That’s the work of the Spirit—His job is to open our understanding to “the things freely given to us by God” (1 Corinthians 2:12). The Lord isn’t trying to hide His thoughts from us. Rather, He wants us to know how He thinks so we can proceed wisely.

Then what should we do if we’re struggling to understand Scripture? The Lord wants us to seek Him and ask for wisdom to comprehend. This requires time invested in Bible study and prayer. And remember, the more yielded we are to the Spirit, the more we’ll be able to hear His voice.

Bible in One Year: 2 Samuel 18-19

 

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Our Daily Bread — Through the Valley

 

Bible in a Year:1 Samuel 15–16; Luke 10:25–42

Even though I walk through the darkest valley, I will fear no evil, for you are with me.

Psalm 23:4

Today’s Scripture & Insight:Psalm 23

Hae Woo (not her real name) was imprisoned in a North Korean labor camp for crossing the border into China. The days and nights were torture, she said, with brutal guards, backbreaking work, and little sleep on an ice-cold floor with rats and lice. But God helped her daily, including showing her which prisoners to befriend and share her faith with.

After she was released from the camp and living in South Korea, Woo reflected on her time of imprisonment, saying that Psalm 23 summed up her experience. Although she’d been trapped in a dark valley, Jesus was her Shepherd who gave her peace: “Even though it felt as if I was literally in a valley full of the shadow of death, I wasn’t afraid of anything. God comforted me every day.” She experienced God’s goodness and love as He reassured her that she was His beloved daughter. “I was in a terrible place, but I knew . . . I would experience God’s goodness and love.” And she knew she’d stay in the Lord’s presence forever.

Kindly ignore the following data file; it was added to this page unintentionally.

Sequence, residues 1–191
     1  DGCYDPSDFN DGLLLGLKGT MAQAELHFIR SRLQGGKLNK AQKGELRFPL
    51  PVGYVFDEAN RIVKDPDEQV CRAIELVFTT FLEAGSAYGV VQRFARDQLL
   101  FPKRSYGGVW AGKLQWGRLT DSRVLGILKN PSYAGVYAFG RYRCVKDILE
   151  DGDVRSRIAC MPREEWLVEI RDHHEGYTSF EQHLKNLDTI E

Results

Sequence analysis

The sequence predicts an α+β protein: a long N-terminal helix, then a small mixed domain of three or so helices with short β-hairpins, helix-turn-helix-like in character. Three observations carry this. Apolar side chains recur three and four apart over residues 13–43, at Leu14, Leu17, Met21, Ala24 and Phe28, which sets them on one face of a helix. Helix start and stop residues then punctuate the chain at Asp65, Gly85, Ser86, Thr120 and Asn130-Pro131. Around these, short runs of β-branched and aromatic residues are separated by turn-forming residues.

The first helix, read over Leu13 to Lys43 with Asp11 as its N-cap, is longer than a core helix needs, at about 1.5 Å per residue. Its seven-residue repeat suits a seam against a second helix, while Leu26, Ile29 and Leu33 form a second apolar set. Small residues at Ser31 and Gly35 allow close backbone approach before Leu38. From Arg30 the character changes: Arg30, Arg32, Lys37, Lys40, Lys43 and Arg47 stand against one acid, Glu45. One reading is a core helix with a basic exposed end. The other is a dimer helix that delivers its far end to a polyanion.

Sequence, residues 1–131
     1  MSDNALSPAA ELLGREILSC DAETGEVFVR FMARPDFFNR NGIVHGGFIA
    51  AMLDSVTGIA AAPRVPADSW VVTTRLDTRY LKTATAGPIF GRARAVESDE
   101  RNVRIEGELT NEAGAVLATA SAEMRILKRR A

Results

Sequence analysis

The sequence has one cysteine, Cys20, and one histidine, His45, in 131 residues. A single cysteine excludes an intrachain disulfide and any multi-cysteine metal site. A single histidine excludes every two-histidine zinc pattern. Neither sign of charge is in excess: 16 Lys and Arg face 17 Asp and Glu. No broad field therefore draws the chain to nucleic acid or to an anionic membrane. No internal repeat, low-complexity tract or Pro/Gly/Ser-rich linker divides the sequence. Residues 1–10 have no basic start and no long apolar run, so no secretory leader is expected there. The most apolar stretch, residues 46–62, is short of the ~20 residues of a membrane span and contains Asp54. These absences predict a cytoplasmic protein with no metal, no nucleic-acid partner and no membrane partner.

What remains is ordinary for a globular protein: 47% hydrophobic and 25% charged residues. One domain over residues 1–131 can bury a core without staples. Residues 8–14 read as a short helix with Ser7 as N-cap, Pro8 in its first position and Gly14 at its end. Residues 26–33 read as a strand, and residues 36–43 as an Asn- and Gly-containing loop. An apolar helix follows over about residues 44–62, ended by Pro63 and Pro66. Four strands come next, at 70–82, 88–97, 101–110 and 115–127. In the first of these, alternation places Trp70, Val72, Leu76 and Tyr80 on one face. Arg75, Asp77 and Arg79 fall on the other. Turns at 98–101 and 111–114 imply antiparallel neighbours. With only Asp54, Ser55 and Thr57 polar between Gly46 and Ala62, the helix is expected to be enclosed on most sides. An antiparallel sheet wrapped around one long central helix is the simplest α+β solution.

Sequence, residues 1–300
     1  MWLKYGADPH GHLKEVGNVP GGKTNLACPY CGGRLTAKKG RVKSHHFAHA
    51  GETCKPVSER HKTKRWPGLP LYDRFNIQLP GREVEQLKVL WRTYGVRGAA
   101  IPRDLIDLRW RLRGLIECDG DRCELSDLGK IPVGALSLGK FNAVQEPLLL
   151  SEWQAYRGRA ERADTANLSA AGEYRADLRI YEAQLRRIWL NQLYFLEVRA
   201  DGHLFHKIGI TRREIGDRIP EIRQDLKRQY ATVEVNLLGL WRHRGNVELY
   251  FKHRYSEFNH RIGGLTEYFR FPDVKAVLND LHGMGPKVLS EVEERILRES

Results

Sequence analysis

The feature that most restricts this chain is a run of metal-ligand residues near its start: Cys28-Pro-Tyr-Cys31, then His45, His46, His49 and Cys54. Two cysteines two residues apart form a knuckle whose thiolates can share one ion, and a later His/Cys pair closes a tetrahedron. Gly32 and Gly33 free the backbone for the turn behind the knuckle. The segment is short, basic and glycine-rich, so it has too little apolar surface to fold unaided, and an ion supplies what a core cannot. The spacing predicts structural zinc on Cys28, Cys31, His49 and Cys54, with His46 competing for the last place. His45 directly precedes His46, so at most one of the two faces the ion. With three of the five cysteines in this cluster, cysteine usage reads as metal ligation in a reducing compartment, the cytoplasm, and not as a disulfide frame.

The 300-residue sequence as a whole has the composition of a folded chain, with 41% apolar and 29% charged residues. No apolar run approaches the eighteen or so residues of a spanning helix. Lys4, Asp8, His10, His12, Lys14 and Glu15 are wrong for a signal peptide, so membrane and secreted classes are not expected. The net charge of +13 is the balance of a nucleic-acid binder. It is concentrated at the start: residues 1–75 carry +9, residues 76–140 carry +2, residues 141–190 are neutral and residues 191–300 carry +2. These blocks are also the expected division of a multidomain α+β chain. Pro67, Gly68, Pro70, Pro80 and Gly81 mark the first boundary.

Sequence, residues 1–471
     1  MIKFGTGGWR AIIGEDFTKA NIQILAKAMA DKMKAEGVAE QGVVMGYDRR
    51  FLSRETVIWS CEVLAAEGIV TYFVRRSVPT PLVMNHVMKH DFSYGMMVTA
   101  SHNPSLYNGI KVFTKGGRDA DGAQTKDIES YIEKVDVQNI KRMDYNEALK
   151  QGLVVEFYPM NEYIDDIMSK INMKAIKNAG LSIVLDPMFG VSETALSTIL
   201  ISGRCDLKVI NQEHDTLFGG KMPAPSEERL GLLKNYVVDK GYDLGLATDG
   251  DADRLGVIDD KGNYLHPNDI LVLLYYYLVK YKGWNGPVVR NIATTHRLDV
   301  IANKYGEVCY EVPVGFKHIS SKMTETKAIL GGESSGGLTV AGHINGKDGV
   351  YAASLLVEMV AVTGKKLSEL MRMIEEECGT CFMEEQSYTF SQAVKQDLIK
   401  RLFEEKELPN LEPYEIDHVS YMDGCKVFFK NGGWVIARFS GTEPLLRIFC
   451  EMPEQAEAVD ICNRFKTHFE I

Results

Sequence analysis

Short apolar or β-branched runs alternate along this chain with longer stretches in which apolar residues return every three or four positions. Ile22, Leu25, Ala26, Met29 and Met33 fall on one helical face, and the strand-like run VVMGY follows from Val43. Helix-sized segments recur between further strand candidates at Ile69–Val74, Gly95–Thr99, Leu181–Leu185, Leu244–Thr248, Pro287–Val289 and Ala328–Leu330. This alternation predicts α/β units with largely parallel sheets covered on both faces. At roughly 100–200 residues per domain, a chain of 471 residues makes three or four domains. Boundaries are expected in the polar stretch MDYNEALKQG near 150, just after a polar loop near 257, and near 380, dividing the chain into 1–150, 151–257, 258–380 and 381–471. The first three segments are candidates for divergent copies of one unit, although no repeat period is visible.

We can find encouragement in Woo’s story. Despite her dire circumstances, she felt God’s love and leading; and He sustained her and took away her fear. If we follow Jesus, He will lead us gently through our times of trouble. We need not fear, for “[we] will dwell in the house of the Lord forever” (23:6).

By Amy Boucher Pye

Today’s Reflection

When have you experienced God’s presence in a dark valley? Who can you encourage today?

 

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Ravi Zacharias Ministry – Seeing in the Dark

There is something comforting about the many characters in the Christian story of which we know very little. There was more to the story of the woman who knew that if she could just touch the fringe of Jesus’s robe she would be well. There was more to tell about the woman who anointed Jesus with a jar of perfume, or the thief who hung beside Jesus on the cross. Yet, we are told only that they will be remembered. And they are. However “insignificant” their lives were to society, they have been captured in the pages of history as people worth remembering, people who had a role in the story of the God man on earth, people remembered by God when multitudes actually wished them forgotten. It is to me a kind reminder that our own fleeting lives are remembered by God long before others notice and long after they have stopped noticing.